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(BPT) - Did you know that bacteria common in the environment can actually lead to a chronic and progressive lung disease? I didn’t; at least not before I was diagnosed with nontuberculous mycobacterial (NTM) lung disease in 2014.
NTM lung disease is caused by bacteria that surround us every day — in water, soil particles and even in the air that we breathe. But here’s the thing: while everyone comes into contact with NTM bacteria, not everyone is at risk for developing NTM lung disease. However, people with a history of lung conditions are more likely to develop an NTM infection.
If you haven’t heard of NTM lung disease, you’re not alone. Here are five things that I wish I had known about this chronic lung condition before I was diagnosed.
1. Damaged lungs are at higher risk, so know your history
Even though NTM bacteria are present in our daily environment, most people will not become infected because their lungs are healthy and can clear the bacteria on their own.
For years I lived with an undiagnosed lung condition that put me at greater risk for getting NTM lung disease. In fact, I did not know I had bronchiectasis (a condition where walls of the bronchi thicken from chronic inflammation and/or infection, leading to the build-up of mucus), until I was diagnosed with NTM lung disease.
I later learned that people with a history of lung conditions, including bronchiectasis, chronic obstructive pulmonary disease (COPD) and asthma, are at higher risk because the damage to their lungs caused by these conditions makes it more difficult to clear NTM bacteria. I was also surprised to learn that approximately 50% of people with bronchiectasis also have active NTM lung disease, and people with COPD are 16 times more likely to develop NTM lung disease.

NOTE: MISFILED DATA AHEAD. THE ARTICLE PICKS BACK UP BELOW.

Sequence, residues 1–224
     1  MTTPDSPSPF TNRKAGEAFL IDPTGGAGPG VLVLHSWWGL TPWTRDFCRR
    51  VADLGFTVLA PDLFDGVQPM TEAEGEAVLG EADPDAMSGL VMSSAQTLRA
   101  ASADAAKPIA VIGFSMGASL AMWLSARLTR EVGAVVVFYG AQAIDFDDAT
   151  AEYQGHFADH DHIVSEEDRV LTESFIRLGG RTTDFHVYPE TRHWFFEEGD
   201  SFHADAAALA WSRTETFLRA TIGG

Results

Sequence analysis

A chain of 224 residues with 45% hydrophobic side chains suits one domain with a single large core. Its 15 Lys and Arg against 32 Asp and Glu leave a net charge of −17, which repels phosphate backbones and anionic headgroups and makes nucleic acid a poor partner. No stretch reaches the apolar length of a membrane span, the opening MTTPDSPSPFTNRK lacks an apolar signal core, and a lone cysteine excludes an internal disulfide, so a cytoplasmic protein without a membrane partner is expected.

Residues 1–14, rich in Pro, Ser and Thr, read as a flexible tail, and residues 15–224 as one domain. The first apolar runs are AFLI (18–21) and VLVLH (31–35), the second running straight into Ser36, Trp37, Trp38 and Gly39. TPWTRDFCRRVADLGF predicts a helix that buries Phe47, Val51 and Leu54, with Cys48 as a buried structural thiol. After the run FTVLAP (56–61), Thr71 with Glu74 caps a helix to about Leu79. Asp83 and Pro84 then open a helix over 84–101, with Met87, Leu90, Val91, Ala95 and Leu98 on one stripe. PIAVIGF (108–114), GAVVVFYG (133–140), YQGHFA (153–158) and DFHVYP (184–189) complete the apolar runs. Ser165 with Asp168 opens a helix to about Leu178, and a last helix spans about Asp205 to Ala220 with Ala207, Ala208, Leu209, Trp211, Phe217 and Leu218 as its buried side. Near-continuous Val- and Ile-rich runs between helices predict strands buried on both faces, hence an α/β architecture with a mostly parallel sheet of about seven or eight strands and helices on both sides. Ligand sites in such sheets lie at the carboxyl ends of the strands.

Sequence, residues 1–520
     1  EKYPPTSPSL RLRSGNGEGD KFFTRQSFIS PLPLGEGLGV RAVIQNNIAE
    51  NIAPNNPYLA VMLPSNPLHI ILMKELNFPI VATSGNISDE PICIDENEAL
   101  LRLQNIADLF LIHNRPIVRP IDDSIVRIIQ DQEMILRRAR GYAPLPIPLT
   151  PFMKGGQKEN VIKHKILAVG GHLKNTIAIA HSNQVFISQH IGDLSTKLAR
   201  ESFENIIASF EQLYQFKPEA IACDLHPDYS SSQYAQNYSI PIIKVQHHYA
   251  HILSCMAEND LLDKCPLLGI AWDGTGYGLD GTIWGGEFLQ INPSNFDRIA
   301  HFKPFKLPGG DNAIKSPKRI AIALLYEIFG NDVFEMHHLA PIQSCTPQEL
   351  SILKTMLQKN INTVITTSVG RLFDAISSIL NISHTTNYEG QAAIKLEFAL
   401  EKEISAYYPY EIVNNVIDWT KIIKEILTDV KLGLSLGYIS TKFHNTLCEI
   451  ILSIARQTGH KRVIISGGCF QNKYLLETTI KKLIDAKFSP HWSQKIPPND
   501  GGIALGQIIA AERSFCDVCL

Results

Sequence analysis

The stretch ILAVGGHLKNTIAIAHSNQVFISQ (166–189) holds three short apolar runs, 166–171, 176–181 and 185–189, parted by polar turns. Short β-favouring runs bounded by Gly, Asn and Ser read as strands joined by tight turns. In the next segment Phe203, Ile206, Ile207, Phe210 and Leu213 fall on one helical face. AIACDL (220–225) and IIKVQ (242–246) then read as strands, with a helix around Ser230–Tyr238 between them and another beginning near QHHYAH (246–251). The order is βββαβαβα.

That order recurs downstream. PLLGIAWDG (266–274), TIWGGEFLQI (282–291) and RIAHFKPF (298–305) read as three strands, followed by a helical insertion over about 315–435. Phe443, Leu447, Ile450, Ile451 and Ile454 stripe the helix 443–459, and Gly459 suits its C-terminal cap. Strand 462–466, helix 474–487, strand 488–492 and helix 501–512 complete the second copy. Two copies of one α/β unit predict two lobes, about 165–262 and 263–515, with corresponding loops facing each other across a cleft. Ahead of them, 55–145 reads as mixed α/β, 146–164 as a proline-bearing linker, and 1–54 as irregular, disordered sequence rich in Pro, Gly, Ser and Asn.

2. NTM lung disease is often misdiagnosed (or not diagnosed at all)
For two years I experienced persistent respiratory symptoms, including a cough and feeling tired often.
Other patients with NTM lung disease also experience delayed diagnoses. Because these common symptoms of NTM lung disease are similar to other lung conditions, the condition is often misdiagnosed or not caught at all. People can have NTM lung disease for months, sometimes years, without knowing it.
If ignored, symptoms can worsen over time, and in some cases, the condition can cause severe, even permanent damage to the lungs.
3. If you think you might be at risk, get tested early
As my symptoms continued, I was in and out of about 20 doctor offices receiving different opinions and diagnoses. An infectious disease specialist finally conducted testing, which included a physical exam, review of medical history, genetic testing, sputum culture collection and a chest CT scan before confirming a diagnosis of NTM lung disease.
Early testing for NTM lung disease is important because the condition can be progressive. If diagnosed, a doctor will discuss potential treatment options.
4. NTM lung disease is becoming more common than you’d think
It’s estimated that 75,000–105,000 people will be diagnosed with NTM lung disease in the U.S. in the coming year, with cases increasing by 8% each year. NTM lung disease is more common in women. In fact, the people that are most at risk are those aged 65 years and older — a population that is expected to nearly double by 2030.
Some areas of the U.S. have higher rates of NTM lung disease. In fact, seven out of 10 of all NTM infections in the U.S. occur along coastal areas.
5. Talk to your doctor if you think you or a loved one may have NTM lung disease
Once I was diagnosed, I learned more about NTM lung disease by speaking with my doctor and searching the internet for more information. If my story sounds familiar, if you have a persistent cough, or you or someone you care about suspects you may have NTM lung disease, talk to a pulmonologist or infectious disease specialist about getting tested.
You can also visit <a href="http://www.aboutntm.com?utm_source=listicle_12142018&utm_medium=digital&utm_campaign=listicle" target="_blank" rel="nofollow noopener">AboutNTM.com</a> for information about NTM lung disease, with additional tools, support and resources, including a discussion guide to help prepare for the next doctor’s appointment.
Sponsored by Insmed Incorporated.